This past weekend, the women’s squash team traveled to Dartmouth for what might sound like some friendly intra-league competition. Not quite. The preseason Ivy scrimmages confronted the young Red squad with six of the top eight teams in the nation. Though the results on paper indicate losses of 9-0, 9-0 and 8-1 for Cornell, head coach Scott Stoneburgh and his players observed individual determination and team-wide positive energy that made the weekend a step up from last year’s Scrimmages.
“Though we lost, the scores don’t necessarily reflect how well we did,” commented junior co-captain Brooke Stetson. “We were again the underdogs this year, but we made these teams earn every point they won across the entire ladder.”
The first two matches pitted the Red against No .5 Penn, followed by third-ranked Yale, called by Stoneburgh “the anticipated new dominant force in women’s squash.” After these contests proved fruitless, the Red took on number-eight ranked Brown. In this match, freshman Margot Dickson, fifth on the Red ladder, defeated a veteran Bear to put Cornell on the board and give Stoneburgh his first Ivy match victory since taking over the women’s team last season. Stetson’s excitement over Dickson’s triumph was readily apparent.
“Margot is such a strong player,” Stetson bubbled. “She will keep working her way through opponents and up the ladder.”
“Although her opponent was much more experienced, Margot stuck to her game plan and prevailed in a very close match,” commented Stoneburgh.
Dickson praised her teammates for their support during her hard-fought win, saying, “The cheering and coaching I received from my team during my first collegiate match lessened my nervousness but also heightened my intensity.”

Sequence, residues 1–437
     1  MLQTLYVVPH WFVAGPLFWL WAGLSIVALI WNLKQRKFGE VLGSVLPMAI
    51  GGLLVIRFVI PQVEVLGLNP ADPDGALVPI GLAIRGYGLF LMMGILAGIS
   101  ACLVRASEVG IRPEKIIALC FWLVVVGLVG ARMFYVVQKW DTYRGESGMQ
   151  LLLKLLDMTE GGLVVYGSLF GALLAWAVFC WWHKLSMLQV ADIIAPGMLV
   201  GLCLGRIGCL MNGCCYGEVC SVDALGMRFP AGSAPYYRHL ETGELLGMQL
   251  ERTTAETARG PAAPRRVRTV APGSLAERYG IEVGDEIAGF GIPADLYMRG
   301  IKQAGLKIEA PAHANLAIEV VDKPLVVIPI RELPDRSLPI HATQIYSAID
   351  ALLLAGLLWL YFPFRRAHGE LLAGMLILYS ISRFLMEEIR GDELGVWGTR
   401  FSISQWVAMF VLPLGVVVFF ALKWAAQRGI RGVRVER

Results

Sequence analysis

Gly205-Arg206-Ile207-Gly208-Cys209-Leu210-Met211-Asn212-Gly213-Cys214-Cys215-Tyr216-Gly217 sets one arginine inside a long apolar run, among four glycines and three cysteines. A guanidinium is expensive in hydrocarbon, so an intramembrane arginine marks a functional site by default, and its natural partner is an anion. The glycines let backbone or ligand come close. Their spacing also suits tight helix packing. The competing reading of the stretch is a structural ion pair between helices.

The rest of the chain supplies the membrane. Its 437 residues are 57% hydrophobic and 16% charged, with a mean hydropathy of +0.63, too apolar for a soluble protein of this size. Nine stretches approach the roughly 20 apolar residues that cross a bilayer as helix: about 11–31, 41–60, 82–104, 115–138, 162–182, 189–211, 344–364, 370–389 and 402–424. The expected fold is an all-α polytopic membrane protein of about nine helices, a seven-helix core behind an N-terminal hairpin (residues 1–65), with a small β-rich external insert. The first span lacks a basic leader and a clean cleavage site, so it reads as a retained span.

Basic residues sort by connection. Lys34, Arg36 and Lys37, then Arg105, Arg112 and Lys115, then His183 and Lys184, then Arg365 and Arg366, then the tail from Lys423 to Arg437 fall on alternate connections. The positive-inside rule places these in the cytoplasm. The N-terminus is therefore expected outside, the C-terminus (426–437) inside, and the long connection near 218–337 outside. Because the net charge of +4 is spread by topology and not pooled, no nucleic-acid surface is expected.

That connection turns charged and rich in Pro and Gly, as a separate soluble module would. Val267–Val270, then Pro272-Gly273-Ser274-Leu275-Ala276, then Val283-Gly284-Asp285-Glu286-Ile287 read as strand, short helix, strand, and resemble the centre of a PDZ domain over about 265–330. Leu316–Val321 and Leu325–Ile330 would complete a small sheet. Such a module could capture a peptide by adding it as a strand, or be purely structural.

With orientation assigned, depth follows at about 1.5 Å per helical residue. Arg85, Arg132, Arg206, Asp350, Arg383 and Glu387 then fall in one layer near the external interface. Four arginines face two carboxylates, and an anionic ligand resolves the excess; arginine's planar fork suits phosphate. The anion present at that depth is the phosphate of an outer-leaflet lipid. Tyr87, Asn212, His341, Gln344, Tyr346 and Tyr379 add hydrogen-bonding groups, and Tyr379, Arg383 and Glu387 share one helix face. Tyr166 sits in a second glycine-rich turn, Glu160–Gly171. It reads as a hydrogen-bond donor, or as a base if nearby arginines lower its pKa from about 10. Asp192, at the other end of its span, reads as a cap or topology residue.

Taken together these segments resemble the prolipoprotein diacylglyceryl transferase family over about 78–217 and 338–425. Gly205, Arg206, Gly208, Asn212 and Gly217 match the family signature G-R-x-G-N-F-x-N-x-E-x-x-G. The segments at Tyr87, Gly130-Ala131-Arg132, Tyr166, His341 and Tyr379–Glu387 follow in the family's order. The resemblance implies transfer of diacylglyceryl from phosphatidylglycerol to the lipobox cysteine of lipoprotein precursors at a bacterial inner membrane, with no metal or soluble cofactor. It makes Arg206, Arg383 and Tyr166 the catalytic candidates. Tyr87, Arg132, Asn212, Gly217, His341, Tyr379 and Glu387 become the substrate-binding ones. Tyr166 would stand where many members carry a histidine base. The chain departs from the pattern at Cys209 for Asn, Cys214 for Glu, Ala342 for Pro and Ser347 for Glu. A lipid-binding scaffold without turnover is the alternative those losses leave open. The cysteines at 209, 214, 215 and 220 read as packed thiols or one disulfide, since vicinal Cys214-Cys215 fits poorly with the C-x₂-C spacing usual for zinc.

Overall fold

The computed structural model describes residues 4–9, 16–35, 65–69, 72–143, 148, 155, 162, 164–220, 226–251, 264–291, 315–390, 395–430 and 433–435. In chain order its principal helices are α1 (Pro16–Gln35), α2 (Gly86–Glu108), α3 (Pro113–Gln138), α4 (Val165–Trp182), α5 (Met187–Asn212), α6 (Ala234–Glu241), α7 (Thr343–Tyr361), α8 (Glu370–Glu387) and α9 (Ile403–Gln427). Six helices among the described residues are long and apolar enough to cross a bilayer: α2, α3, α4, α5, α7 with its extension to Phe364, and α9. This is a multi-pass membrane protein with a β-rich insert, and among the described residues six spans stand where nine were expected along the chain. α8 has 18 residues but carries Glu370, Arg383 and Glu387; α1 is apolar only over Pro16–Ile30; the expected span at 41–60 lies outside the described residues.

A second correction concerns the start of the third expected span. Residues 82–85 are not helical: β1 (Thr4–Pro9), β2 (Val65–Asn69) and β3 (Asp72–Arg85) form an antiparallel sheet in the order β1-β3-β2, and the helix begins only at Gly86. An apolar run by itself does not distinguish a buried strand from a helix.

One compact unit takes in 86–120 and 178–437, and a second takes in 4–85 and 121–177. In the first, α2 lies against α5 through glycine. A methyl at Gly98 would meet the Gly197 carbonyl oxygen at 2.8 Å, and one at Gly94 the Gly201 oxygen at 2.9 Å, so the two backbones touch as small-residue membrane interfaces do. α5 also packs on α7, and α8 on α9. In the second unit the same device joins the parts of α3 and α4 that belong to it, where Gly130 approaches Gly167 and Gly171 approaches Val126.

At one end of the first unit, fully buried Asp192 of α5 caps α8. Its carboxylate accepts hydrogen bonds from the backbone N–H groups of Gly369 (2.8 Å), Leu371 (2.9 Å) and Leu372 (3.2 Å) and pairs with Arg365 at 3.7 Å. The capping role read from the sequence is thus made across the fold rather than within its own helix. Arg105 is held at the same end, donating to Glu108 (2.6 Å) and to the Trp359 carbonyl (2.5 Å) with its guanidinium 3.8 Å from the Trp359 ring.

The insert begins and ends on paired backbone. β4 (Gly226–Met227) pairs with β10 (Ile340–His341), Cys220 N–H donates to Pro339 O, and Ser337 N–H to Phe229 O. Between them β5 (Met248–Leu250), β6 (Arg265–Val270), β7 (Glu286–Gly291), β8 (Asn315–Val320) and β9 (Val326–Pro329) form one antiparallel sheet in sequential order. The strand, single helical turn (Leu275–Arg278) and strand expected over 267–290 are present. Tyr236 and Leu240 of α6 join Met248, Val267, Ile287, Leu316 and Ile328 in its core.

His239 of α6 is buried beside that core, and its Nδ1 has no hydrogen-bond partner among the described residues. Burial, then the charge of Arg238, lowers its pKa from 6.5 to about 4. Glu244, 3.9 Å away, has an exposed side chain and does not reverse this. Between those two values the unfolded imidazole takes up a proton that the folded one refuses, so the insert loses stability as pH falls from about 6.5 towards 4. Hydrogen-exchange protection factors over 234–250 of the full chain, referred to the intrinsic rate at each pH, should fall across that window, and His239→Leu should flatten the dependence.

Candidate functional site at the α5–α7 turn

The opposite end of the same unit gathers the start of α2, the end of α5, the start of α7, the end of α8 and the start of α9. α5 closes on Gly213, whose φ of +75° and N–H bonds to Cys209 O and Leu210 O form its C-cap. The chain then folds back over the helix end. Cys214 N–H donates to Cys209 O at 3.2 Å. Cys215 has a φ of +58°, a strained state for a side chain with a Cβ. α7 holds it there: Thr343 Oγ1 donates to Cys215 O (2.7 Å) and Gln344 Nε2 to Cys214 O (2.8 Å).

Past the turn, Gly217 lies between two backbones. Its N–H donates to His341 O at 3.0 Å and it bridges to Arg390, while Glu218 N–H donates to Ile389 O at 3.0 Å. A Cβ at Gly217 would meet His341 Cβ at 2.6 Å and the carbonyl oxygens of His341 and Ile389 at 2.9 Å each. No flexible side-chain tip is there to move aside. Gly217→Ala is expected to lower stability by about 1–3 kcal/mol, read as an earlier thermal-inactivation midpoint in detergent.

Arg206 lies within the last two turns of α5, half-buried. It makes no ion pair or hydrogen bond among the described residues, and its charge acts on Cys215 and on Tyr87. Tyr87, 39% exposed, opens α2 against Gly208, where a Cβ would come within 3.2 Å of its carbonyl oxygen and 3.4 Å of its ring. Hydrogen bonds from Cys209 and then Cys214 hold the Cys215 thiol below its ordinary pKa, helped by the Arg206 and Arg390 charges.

Dickson’s success is viewed as a taste of things to come for a green team that graduated only two last spring and will not lose a current player to graduation until 2005. Freshmen Caitlin Russell, Anna Beavis and Jamie Singer join Dickson at the one, six and nine spots, respectively.
On having a freshman in his top spot, Stoneburgh observed, “Caitlin’s always been nationally ranked, but at number one now, she’s playing against girls who have been top two or three in the country. She’s got her hands full, but her strengths have raised everyone else on the team up a level.”
Stoneburgh sees his team currently a stride back from the rest of the Ivy pack, a gap that he ascribes to the elitist underpinnings of the sport and the ability of the Harvard-Yale-Princeton network to recruit from prep schools and overseas. While he can’t do anything about the “phenomenal facilities” and international superstars that top squash programs enjoy, Stoneburgh knows how to push his players to reach their own potential.
“Since squash is a game of attrition, we’ll be working on keeping in top physical condition and on individual skills,” he noted. “The amount of improvement possible between now and Nationals in February is substantial. To crack the top 10, we have to keep reaching for the next level.”
Archived article by Dan Schiff